What Are The Reasons That Females Decide Not To Do IVF

 What Are The Reasons That Females Decide Not To Do IVF. 

"IVF is usually seen as a panacea," grief counsellor Sarah Roberts says.

"There is that this concept if you allow having kids too late, IVF will prevent ."

But she knows better than most that this is often not always true.

"I went through 10 years of IVF. We conceived and lost 12 children, and then I left IVF in my mid-40s," Miss Roberts says.

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She now counsels women, like herself, who have been unable to conceive, and says there are several physicals, financial and personal reasons why people decide to not do in-vitro fertilisation (IVF) at all.

We spoke to two females about why they made that call — and what happened next.

'I was so exhausted'

Vanessa Phillips was 33 years old when she and her husband Craig started trying to conceive. Now, at age 44, it is a period of her life she puts in words as "traumatic".

After initial difficulties, Vanessa had surgery for her endometriosis. She tried alternative medicines and acupuncture. She and Craig changed their diets, trying any little thing which may help. They then turned to medically-assisted ovulation: Vanessa had hormone injections monthly before timed sex (exactly 12 hours later) or intra-uterine insemination.

She says it was invasive and tiring, but the "constant heartbreak" was the hardest part.

"You build yourself up and up and up, then crash backtrack. You give yourself fortnight to urge back together then start the cycle everywhere again."

Vanessa says that cycle ultimately put her life "on a break". There was very little room, emotionally or financially, for fun and it created stress in her marriage too.

"There is the sexual side of it but also the stress and dealing with each other's feelings," she says.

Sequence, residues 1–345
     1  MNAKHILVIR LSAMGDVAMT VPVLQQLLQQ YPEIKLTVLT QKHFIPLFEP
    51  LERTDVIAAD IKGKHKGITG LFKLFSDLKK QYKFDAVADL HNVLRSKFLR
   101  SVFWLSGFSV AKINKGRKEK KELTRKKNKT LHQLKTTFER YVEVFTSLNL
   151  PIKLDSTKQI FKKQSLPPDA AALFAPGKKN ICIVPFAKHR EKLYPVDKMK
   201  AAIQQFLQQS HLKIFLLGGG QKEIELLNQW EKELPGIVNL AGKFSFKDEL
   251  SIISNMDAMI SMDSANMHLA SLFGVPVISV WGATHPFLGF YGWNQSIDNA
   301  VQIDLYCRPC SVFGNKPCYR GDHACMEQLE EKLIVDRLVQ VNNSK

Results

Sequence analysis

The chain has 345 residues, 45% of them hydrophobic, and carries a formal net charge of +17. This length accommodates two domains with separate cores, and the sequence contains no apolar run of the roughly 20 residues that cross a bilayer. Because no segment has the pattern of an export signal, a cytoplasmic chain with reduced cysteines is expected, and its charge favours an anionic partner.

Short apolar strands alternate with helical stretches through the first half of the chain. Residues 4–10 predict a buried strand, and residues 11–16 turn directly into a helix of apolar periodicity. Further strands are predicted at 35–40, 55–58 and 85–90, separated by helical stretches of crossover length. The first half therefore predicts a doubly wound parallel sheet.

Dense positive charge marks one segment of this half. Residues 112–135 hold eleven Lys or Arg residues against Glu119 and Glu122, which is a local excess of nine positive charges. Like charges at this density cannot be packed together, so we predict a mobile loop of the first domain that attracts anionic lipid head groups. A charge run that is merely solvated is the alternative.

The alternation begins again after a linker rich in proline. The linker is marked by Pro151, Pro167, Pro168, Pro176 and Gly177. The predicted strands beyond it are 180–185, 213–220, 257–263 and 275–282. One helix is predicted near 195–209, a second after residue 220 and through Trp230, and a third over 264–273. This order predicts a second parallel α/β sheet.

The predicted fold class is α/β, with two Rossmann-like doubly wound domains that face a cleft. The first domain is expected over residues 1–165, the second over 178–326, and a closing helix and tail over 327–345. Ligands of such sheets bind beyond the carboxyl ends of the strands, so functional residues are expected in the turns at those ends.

"He did not say much about it. I was constantly weeping ."

She did this for 5 years — and then her gynaecologist put IVF on the table.

"I could not work out browsing it," she says.

It was not the cost that put her off, though that was significant (IVF can cost around $9,000 per cycle, which comes down to $4,000 out of pocket after Medicare).

She and Craig had already spent tens of thousands of dollars and "were willing to urge loans and spend more".

It was the psychological toll and emotional — one made worse by the nearest IVF clinic being a four-hour drive away.

Vanessa and Craig live in Bellingen, a town of around thirteen thousand on the mid-north coast of New South Wales. She would have had to visit Newcastle twice in each IVF cycle — once to urge the eggs removed and again to urge the embryo implanted.

"The thought of it had been an excessive amount of," she says.

"My ally was browsing IVF and had been trying for 3 years at that time. I just could not cope with that."

Vanessa says the choice to prevent trying still brings her to tears — but it had been ultimately the proper thing for her psychological state and her marriage.

'I was expecting that hypothetical partner to return along'

Penny Robarts, 48, assumed children would always be a part of her story.

"I spent my 20s and 30s thinking 'of course I am going to find my man and I am going to have children and I am going to tick off those boxes."

But in her late 30s, after a series of relationships that had not worked out, those boxes were unticked and she found it increasingly hard to be around children and with friends some of them assumed she just did not want a child.

"People did not understand that I was mourning," she says. "I was sobbing a life that I assumed I used to be getting to have."

It was around this point that she started the method for IVF.